I leave you with some nuggets of Coelho wisdom, and I highly recommend the book for you to find many more, and to enjoy this inspiring story of resilience in the face of suffering.
"Then learn something. At this moment, many people have stopped living. They do not become angry, nor cry out; they merely wait for time to pass. They did not accept the challenges of life, so life no longer challenges them. You are running that same risk; react, face life, but do not stop living."
"The best [warrior] is the one who's most like a rock. Without drawing a blade, it proves that no-one can defeat it."
"Everything in life demands training..."
"Even to understand angels...we so want to talk with them that we don't listen to what they're saying...in our prayers we always try to say... but the Lord already knows all of this."
"The Lord heareth the prayers of those who ask to put aside hatred. But He is deaf to those who would flee from love."
"If you're a good warrior you will not blame yourself, but neither will you let your mistakes repeat themselves."
"I discovered something: the meaning of my life was whatever I wanted it to be."
"Some of them complained that they had not achieved anything in Akbar and were setting out for a new destiny. One day these people would return. They had not found what they were seeking. For they carried with them, along with their bags, the weight of their earlier failure...their past in Akbar had left them fearful and they lacked the confidence in themselves to take risks.
On the other hand, there also passed my door people full of ardor. They had profited from every moment of life in Akbar and through great effort had accumulated the money for their journey. To these people, life was a constant triumph and would go on being one. These people also returned, but with wonderful tales to tell. They had achieved everything they desired because they were not limited by the frustrations of the past."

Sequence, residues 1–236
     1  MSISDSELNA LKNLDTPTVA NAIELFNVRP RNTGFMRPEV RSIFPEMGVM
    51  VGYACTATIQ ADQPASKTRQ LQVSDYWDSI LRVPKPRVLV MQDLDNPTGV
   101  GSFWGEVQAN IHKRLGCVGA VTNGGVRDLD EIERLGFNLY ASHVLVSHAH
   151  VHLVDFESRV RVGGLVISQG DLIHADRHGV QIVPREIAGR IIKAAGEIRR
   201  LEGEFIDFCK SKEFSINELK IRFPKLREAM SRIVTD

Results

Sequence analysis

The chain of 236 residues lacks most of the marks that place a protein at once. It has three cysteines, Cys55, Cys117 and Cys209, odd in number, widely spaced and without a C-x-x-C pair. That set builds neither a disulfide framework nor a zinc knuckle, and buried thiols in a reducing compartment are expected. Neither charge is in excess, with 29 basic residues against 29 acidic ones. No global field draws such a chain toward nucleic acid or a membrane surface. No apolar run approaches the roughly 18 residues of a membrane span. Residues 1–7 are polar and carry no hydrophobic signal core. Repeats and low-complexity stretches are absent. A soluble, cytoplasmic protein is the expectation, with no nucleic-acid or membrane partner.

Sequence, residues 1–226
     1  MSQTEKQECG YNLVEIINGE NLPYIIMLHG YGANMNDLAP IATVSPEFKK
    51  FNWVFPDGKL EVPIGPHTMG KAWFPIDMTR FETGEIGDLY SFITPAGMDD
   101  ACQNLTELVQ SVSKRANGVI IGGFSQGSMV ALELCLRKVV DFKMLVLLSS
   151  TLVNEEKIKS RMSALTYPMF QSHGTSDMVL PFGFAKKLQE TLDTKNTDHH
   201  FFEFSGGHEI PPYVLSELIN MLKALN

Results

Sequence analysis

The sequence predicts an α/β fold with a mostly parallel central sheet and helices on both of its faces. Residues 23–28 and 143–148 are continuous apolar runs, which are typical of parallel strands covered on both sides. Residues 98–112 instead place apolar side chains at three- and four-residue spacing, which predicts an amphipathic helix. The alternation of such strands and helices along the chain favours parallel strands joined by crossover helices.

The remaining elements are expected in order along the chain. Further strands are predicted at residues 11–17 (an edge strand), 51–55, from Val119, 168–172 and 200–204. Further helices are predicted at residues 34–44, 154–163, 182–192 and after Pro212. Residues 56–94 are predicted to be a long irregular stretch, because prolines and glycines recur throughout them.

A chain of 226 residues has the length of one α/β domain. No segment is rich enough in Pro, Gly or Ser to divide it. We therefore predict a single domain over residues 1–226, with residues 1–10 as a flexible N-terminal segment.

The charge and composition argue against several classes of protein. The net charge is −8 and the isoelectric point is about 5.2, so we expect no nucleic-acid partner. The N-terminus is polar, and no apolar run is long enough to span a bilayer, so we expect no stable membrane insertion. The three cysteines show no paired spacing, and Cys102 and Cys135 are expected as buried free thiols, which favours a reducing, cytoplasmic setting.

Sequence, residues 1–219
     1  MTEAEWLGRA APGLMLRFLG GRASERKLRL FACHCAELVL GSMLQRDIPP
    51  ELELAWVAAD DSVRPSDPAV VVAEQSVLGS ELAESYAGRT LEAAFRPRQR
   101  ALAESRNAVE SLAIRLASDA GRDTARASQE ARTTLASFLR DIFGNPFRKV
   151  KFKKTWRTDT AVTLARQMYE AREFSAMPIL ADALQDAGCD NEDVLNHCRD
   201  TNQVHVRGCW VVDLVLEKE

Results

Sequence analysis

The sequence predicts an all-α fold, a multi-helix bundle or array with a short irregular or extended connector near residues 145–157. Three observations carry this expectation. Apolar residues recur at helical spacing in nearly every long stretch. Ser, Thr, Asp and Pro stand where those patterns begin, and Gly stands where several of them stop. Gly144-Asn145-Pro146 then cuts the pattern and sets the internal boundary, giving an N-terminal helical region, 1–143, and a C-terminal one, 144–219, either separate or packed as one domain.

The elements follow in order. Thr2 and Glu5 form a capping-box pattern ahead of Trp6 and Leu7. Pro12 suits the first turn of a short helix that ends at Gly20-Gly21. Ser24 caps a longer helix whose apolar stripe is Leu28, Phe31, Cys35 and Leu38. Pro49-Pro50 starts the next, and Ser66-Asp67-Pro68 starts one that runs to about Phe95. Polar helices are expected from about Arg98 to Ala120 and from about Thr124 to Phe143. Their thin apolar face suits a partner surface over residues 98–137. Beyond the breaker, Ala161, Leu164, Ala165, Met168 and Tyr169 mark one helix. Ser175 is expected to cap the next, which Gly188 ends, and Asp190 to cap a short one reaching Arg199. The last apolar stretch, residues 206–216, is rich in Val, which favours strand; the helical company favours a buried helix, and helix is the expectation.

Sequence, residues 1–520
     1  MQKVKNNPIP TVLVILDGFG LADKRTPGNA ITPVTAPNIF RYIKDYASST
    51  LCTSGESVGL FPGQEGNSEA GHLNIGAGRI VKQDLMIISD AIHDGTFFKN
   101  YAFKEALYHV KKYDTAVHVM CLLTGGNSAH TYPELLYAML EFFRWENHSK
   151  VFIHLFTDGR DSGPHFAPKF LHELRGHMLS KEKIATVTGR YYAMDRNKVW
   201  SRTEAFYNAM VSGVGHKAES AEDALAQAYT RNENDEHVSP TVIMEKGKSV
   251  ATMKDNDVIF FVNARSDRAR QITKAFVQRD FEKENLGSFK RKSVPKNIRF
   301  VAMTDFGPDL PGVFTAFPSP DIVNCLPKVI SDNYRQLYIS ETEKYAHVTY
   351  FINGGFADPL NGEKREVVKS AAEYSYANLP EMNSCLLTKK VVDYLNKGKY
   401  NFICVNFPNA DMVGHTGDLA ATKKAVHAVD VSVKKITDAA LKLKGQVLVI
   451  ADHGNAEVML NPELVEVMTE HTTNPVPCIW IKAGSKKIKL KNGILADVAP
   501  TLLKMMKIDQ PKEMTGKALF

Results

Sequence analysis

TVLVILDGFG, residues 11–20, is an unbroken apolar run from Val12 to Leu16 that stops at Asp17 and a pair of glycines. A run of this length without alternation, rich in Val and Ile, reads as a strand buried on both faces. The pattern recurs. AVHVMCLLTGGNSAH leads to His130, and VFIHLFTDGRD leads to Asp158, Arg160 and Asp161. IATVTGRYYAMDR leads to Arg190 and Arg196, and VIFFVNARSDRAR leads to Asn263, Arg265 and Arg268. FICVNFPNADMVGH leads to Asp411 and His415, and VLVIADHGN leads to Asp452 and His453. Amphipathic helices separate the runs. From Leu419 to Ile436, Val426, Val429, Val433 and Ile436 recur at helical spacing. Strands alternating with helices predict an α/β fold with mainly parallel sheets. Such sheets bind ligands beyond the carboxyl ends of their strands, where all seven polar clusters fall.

"A child can always teach an adult three things: to be happy for no reason, to always be busy with something, and to know how to demand with all his might that which he desires."
"A warrior is always aware of what is worth fighting for. He does not go into combat over things that do not concern him, and he never wastes his time over provocations."
"A warrior accepts defeat. He does not treat it as a matter of indifference, nor does he attempt to transform it into a victory. He begins anew...Tragedies do happen...we must put aside the fear they awoke in us and begin to rebuild... transform pain into action."
"It is that struggle with the divine that blesses us and makes us grow...There are moments when God demands obedience. But there are moments in which He wishes to test our will and challenges us to understand His love."
"Only those men and women with the sacred flame in their hearts had the courage to confront Him. And they alone knew the path back to His love, for they understood that tragedy was not punishment, but challenge."
"Not the fire that kills, but the kind that tears down ancient walls and imparts to each human being his true possibilities. Cowards never allow their hearts to blaze with this fire; all they desire is for the changed situation to quickly return to what it was before, so they can go on living their lives and thinking in their customary way. The brave, however, set afire that which was old and, even at the cost of great internal suffering, abandon everything, ... and continue onward. The brave are always stubborn."
"He had fled from doubt. From defeat. From moments of indecision. But the Lord was generous and had led him to the abyss of the unavoidable to show him that man must choose - and not accept - his fate."
"Act as do men who are given a second chance: do not twice commit the same error. Never forget the reason for thy life."
"The Lord often has his prophets climb mountains to converse with Him. I always wondered why He did that, and now I know the answer: when we are on high, we can see everything else as small."